The first European encountered tobacco is Christopher Columbus (1451-1506). He recorded on his logbook on 12 October 1492, saying “the indigenous people ‘brought fruit, wooden spears, and certain dried leaves which gave off a distinct fragrance’” (An Empire of Plants). However, he threw those leaves overboard. The value of tobacco was recognized later when two of his sailors, Rodriguo de Jerez and Luis de Torres, made further contact with the American Indians. Rodriguo became addicted and brought it back to Europe. When he started smoking in public, people got scared and he was imprisoned for several years. By the time he was released, smoking had become a national habit already.

After Columbus bringing it to other European countries, tobacco quickly sweeping Europe off its feet. At first, they treated tobacco as a kind of herbal medicine of the indigenous peoples, until Materia Medica, a pharmacy book from Spain, was translated into English in 1577, mentioning the medical effects of tobacco; thus causing tobacco’s medicinal properties to be valued, at one point claiming to be able to cure any disease. During the Great Plague of London from 1665 to 1666, there were rumors that none of the employees of tobacco shops caught the disease, sweeping the city up a tobacco frenzy, even boys at Eton were also forced to smoke a pipe every morning.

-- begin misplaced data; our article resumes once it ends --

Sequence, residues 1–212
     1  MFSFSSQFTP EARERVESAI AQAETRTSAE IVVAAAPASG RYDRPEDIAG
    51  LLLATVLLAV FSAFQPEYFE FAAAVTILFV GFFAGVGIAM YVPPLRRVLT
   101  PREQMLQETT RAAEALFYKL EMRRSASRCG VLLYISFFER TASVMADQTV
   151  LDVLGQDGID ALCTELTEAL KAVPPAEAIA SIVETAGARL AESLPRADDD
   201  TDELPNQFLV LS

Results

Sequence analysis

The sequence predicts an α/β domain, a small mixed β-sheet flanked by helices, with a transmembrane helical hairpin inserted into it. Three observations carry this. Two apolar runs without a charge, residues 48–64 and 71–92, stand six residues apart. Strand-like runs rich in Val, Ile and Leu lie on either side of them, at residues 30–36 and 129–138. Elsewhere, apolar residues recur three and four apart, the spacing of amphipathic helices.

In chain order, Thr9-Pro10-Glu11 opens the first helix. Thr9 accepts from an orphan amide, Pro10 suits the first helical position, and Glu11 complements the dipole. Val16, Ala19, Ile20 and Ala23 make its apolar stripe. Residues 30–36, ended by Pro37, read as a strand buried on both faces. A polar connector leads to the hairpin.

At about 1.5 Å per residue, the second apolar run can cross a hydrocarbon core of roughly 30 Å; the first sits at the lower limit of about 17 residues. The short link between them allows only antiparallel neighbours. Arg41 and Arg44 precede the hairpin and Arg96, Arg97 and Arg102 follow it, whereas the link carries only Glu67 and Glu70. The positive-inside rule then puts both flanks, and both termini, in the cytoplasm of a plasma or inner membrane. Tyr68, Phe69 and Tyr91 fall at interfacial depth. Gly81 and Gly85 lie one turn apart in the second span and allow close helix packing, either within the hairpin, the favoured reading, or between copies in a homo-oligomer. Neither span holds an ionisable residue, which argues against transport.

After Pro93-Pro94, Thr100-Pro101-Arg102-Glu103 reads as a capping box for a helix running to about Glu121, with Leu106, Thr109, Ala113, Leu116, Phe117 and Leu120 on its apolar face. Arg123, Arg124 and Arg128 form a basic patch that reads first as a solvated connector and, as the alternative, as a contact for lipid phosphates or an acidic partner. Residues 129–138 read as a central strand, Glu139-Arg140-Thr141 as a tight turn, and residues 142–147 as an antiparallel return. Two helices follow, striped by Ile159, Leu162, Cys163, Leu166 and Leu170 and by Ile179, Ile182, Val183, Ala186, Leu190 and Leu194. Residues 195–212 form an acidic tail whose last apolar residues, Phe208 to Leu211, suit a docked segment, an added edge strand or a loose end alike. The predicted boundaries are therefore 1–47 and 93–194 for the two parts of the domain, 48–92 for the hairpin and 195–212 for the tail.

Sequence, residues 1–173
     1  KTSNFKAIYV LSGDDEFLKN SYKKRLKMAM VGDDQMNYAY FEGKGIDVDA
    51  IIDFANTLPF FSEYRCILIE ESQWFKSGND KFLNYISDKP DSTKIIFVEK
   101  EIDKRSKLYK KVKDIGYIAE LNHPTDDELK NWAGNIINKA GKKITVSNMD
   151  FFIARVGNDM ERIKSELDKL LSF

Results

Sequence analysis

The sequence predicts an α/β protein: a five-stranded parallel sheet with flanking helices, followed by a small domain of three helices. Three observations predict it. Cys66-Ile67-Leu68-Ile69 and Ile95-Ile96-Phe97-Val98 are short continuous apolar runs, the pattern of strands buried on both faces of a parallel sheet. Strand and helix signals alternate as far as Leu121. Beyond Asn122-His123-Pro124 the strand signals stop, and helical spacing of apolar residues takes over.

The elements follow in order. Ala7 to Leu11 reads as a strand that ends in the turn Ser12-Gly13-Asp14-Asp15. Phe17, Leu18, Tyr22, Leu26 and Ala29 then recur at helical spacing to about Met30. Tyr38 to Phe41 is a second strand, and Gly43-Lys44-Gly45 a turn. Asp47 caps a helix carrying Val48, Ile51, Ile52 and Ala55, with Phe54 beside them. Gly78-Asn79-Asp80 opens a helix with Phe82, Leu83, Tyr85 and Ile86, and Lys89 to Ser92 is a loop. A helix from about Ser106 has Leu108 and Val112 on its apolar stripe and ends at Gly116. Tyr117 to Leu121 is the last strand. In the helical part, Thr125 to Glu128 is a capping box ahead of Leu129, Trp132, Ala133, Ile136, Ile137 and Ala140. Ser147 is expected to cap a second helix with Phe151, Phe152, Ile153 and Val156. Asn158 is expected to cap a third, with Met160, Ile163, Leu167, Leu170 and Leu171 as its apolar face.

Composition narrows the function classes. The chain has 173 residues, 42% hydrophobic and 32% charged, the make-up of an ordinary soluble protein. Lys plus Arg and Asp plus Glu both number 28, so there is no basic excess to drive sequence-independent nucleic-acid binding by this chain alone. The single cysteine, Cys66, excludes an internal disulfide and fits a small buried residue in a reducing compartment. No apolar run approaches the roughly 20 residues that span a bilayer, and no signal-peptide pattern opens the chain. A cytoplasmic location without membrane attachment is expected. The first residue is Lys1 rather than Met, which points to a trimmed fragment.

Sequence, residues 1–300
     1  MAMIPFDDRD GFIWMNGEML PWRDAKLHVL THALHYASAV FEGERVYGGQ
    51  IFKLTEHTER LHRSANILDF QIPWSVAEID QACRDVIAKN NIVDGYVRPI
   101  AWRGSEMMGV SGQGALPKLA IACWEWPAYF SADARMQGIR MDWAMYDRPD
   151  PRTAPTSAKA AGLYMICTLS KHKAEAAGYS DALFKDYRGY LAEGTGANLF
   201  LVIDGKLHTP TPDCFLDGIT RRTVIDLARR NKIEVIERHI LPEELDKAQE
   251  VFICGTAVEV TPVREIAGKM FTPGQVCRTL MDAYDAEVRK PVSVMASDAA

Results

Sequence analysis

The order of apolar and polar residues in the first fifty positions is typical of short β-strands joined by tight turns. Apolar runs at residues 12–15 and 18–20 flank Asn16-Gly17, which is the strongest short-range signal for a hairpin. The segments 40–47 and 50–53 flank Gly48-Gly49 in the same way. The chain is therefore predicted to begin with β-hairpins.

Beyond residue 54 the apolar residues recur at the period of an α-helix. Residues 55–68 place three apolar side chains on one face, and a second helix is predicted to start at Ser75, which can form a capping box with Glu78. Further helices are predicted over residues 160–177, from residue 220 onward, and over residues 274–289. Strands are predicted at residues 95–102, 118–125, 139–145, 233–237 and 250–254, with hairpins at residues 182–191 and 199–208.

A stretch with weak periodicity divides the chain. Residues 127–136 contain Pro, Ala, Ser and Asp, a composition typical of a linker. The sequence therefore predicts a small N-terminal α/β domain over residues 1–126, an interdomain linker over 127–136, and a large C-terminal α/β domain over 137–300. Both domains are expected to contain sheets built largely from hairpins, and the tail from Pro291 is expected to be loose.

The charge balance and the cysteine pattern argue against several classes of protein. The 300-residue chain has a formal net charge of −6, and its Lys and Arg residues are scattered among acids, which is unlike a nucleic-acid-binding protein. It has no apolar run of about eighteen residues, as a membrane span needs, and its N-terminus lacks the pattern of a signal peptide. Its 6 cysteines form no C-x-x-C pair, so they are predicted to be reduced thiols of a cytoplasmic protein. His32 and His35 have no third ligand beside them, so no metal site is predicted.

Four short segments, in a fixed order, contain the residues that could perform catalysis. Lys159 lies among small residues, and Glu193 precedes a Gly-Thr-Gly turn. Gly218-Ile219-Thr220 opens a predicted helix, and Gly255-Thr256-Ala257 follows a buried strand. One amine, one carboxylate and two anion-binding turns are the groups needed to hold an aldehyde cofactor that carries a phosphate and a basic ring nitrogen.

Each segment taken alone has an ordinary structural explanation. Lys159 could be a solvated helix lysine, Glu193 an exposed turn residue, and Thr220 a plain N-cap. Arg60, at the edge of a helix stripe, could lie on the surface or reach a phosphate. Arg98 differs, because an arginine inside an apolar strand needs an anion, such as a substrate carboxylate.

And if it wasn’t for tobacco, America may have appeared on the world map a lot later than it had. During the late 16th century, the Great Britain had been made several unsuccessful attempts trying to colonize the North American mainland. In 1585 and 1587, Roanoke Island; in 1591 there went another attempt. In 1606 they built the Jamestown settlement, lost most of the colonists by 1609. Luckily in 1612 John Rolfe (1585-1622) introduced the sweeter species of tobacco (N. tabacum) from Trinidad which became a huge success, the species highly popular among Europeans, salvaging the colony. It is rumored that Thanksgiving Day — a unique holiday in the United States — was first held to celebrate the harvest of tobacco, the earliest settlers even using tobacco as currency and ‘Tobacco Notes’ were official currency in Virginia for 200 years. And Mr. Rolfe is in fact the husband of Pocahontas (1596-1617) in the Disney movie “Pocahontas”. According to historical records, Pocahontas converted to Christianity in order to marry Rolfe. Sadly, shortly after they returned to London in 1616, Pocahontas was probably infected with chickenpox, passing away in 1617. Their son, Tom, went back to America later, leaving many descendants in the New World.